Five Christian women have held a nativity-themed climate change protest inside the National Gallery in London. The members of Christian Climate Action stood in front of a 15th-century Filippino Lippi painting of the Virgin and Child which depicts Mary seated in a landscape feeding Jesus. They held a poster of the painting altered to show a climate-ravaged landscape and handed out postcards with this image and some facts about the impact of the climate crisis on the world’s children.
The women, all members of Christian Climate Action, began their protest by singing Silent Night with altered words. They then spoke for the world's children as victims of war and climate injustice and held a silent, prayerful presence. They didn’t touch the actual painting.
Sue Hampton, 67, a Quaker, writer, mother and grandmother, said:
‘As Christians we celebrate the birth of Jesus, born in poverty as a refugee, to show us the way of love and peace, and justice which is love in action. Christmas is still for the children. But today, world leaders are failing them. Babies born in the Global South, still waiting for climate reparations and most at risk of unliveable heat, hunger, drought, flooding and displacement. The altered image we held beside Lippi’s painting shows the terrifying reality children face. Sentiment, tradition and festivity won’t save us. The science is clear that new gas, oil or coal will accelerate climate breakdown. We can’t serve God unless we serve that truth, unless we work for life, justice and peace – with love.’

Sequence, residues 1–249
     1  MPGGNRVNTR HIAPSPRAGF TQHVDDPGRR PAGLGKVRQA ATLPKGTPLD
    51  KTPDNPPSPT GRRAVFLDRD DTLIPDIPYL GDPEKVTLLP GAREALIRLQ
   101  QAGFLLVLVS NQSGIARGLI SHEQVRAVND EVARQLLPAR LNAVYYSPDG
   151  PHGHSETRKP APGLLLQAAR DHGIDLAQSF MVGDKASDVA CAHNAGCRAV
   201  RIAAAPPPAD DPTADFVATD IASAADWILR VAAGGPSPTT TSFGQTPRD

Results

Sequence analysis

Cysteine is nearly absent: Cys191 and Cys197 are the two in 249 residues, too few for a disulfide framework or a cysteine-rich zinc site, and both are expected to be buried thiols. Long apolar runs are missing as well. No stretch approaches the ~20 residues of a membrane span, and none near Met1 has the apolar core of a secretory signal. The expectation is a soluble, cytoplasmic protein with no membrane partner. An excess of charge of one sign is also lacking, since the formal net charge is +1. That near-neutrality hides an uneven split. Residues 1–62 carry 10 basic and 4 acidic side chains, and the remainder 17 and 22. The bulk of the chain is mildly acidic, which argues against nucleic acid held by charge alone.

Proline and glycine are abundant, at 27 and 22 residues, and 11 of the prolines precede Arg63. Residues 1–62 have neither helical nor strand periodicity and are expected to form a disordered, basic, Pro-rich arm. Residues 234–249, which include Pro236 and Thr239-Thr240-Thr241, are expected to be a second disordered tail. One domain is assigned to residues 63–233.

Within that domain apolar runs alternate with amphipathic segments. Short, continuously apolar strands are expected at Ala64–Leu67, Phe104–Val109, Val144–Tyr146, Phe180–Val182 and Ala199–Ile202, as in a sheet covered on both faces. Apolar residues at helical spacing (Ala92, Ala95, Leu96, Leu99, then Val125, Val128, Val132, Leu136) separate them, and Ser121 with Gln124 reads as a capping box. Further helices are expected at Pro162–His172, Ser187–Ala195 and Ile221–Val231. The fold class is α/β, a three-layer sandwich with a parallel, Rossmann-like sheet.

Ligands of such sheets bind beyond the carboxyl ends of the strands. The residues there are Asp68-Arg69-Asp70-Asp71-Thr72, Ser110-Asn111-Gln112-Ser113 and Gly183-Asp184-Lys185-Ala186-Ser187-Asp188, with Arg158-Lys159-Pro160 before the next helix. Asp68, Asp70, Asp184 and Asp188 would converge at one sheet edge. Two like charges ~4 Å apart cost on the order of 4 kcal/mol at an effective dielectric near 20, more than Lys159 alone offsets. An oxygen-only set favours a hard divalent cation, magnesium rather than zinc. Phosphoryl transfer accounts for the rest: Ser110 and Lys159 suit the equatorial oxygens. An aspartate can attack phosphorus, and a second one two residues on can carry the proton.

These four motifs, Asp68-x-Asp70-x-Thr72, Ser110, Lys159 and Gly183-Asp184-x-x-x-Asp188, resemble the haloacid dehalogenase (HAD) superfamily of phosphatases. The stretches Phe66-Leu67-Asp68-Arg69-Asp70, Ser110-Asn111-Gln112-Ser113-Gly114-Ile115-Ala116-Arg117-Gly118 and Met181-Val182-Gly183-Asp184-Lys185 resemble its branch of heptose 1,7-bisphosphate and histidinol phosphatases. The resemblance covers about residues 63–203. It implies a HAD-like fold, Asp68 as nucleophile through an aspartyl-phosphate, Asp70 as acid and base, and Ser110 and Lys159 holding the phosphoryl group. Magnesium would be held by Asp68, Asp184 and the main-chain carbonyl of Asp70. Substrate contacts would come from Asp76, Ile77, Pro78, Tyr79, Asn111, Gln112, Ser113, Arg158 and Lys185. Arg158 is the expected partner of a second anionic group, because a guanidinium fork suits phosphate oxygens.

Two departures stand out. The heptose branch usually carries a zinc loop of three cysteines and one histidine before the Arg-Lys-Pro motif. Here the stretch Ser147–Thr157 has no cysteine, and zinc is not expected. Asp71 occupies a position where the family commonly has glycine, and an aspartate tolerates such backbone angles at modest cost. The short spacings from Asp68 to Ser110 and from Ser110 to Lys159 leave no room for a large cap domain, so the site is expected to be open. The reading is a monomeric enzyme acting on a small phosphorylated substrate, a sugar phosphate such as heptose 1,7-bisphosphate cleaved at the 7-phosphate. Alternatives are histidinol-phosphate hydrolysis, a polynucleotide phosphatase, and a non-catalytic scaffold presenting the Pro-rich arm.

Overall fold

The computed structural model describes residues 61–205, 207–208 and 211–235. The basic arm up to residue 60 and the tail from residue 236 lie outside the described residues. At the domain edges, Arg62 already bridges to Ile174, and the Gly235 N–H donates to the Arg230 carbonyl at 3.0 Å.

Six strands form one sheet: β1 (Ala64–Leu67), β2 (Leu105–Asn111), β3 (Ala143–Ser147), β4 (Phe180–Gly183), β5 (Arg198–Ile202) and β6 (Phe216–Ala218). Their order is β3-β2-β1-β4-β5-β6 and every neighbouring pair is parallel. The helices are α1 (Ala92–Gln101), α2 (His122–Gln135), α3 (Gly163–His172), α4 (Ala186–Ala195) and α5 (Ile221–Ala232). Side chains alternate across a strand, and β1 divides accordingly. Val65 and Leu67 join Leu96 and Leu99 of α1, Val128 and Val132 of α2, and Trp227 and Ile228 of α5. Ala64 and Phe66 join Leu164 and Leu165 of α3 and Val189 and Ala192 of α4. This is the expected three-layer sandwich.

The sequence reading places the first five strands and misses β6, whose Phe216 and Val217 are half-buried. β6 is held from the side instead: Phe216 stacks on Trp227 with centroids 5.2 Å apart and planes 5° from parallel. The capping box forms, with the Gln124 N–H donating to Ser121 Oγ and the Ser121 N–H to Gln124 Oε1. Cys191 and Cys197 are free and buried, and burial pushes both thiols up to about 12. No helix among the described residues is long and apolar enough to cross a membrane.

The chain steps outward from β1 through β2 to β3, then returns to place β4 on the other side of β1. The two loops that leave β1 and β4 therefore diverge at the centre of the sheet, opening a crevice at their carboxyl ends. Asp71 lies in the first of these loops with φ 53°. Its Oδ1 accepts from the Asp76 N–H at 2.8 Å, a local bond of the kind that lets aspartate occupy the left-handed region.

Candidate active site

Sarah MacDonald 56, who is a minister, said:
‘At Christmas, Christians celebrate the gift of Life. We need to honour and protect all Life - the lives of all our children - now more than ever.’
Judith Russenberger, 61, an Anglican from East Sheen, London, said:
‘It is too easy to forget the plight of most children in the world when we are wrapped up in our Christmas celebrations.’